Ma Riis Park improvements on the way

By PHIL NOBILE

Aesthetic improvements to Harrison’s Ma Riis Park are expected later this year after designs by an engineering company hired in December 2013 near completion. 

Improvements to Harrison’s Ma Riis Park are expected to commence within the year. A black rail fence will surround the park’s perimeter in conjunction with other aesthetic improvements, such as opening up the corner of Harrison Avenue and Heineman Place where the town’s World War I monument sits. Photo/Phil Nobile

Improvements to Harrison’s Ma Riis Park are expected to commence within the year. A black rail fence will surround the park’s perimeter in conjunction with other aesthetic improvements, such as opening up the corner of Harrison Avenue and Heineman Place where the town’s World War I monument sits. Photo/Phil Nobile

The park, located off Heineman Place between the town’s municipal building and the public library, serves as the focal point for Harrison’s public buildings.

According to Republican Mayor Ron Belmont, the overall process of updating and improving the park will be taken slow. “This is just the first step for Ma Riis Park,” Belmont said. “We have more things planned, and we want to go slow and spend cautiously.”

At the March 20 Town Council meeting, Town Engineer Michael Amodeo presented designs for the park project and asked for approval for the town’s Purchasing Department to go out to bid for the improvements, which were estimated to cost $100,000. The town plans to go out to bid once the designs are completed within a few months, according to Amodeo.

The improvements, designed by New Jersey firm Langan Engineering, call for four-foot rail fencing to encase the park on the Heineman Place and Harrison Avenue sides, along with brick piers to “make a visual impact,” according to Amodeo. The fencing will extend 300-feet along Heineman Place and 170-feet along Harrison Avenue.

Upgrades to sidewalks, landscaping, shrubbery and park benches are also part of the plan.

The plan also calls for aesthetic improvements to the town’s World War I monument for Harrison soldiers who served in the war, located on the corner where the two streets connect.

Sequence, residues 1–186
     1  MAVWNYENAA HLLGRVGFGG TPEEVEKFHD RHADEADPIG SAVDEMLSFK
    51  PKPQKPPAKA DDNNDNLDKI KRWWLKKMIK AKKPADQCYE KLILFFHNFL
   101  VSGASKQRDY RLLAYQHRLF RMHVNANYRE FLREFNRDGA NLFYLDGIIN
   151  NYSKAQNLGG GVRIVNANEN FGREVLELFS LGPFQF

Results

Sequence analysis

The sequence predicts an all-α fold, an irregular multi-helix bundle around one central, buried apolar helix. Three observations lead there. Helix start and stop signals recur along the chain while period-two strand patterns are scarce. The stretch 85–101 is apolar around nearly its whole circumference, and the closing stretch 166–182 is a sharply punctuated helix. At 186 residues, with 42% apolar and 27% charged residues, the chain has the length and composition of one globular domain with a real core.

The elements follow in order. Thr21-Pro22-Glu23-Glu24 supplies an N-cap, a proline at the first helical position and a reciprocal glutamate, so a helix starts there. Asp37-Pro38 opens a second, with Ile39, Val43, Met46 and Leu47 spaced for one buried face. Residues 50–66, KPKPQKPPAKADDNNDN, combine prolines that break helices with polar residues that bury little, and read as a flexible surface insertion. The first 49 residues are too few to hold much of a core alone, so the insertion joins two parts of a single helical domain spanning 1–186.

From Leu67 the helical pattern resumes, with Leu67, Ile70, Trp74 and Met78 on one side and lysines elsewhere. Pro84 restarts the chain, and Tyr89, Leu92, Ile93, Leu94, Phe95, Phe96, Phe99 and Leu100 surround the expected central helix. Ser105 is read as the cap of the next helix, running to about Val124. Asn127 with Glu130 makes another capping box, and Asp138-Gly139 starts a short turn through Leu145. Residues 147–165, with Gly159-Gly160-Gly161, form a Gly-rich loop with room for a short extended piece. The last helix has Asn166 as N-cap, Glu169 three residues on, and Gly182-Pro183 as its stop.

“We want to open it up visually to have people be able to walk up to the monument and better appreciate what’s there,” Amodeo said.

Ma Riis Park’s improvement plan calls for the corner of Halstead Avenue and Heineman Place to be “opened-up” for a more direct view by removing some shrubbery. Rendering courtesy Town of Harrison

Ma Riis Park’s improvement plan calls for the corner of Halstead Avenue and Heineman Place to be “opened-up” for a more direct view by removing some shrubbery. Rendering courtesy Town of Harrison

According to the town engineer, the funding for the improvements will come from fees accrued from developers who subdivide their properties in the town. Subdivision fees collected by the town are used exclusively for parks and recreation purposes.

“This is a valid use of those funds,” Amodeo said. “This park gets a lot of use for different events, and I think the updates will provide a good aesthetic impact to the park.”

The plan did, however, raise some concerns from the Town Council.

Councilman Stephen Malfitano, a Republican and former mayor, was skeptical of the design’s entryways into the park but eventually came around, stating that the improvements would coincide well with the anticipated library renovations later this year.

“The park, as you can see with your own eyes, is pretty tired looking,” Malfitano said. “This is a focal point for the town and is used by so many residents. The improvements, as small as they may be, have a tremendous amount of benefit.”

Resident Robert Porto commended the plan for removing the current chain link fencing that surrounds the park in favor of something more aesthetically appealing. Porto, however; added that money should be spent on less abrasive lighting in the park, and urged the Town Council to “spend money on the little guys.”

“You spend money on yourselves and the town’s functioning often, but I want you guys to spend money on the people,” Porto said. “Do it right and make it look good, because [the project] isn’t for a year; it’s for the next 30 years.”

Malfitano, who said the improvements would take a few months to complete, said that it didn’t appear that the park required new lighting. But the former mayor did say that lighting improvements and other elements that could be improved upon would be taken into
consideration.

“One step at a time is the prudent approach,” he said. “Lighting can get expensive, and we’re being very cautious and careful because we’re not interested in spending a lot of money.”

According to Amodeo, new lighting was ruled out of the upgrades at this time due to it surpassing the budget for the project. Mayor Belmont reiterated that more aspects for updating the park would be implemented in the future, and that the current improvements before the board are the “first step.”

The total amount generated through Subdivision fees and the cost for hiring Langan Engineering could not be provided by Town Comptroller Maureen MacKenzie as of press time.

Contact: phil@hometwn.com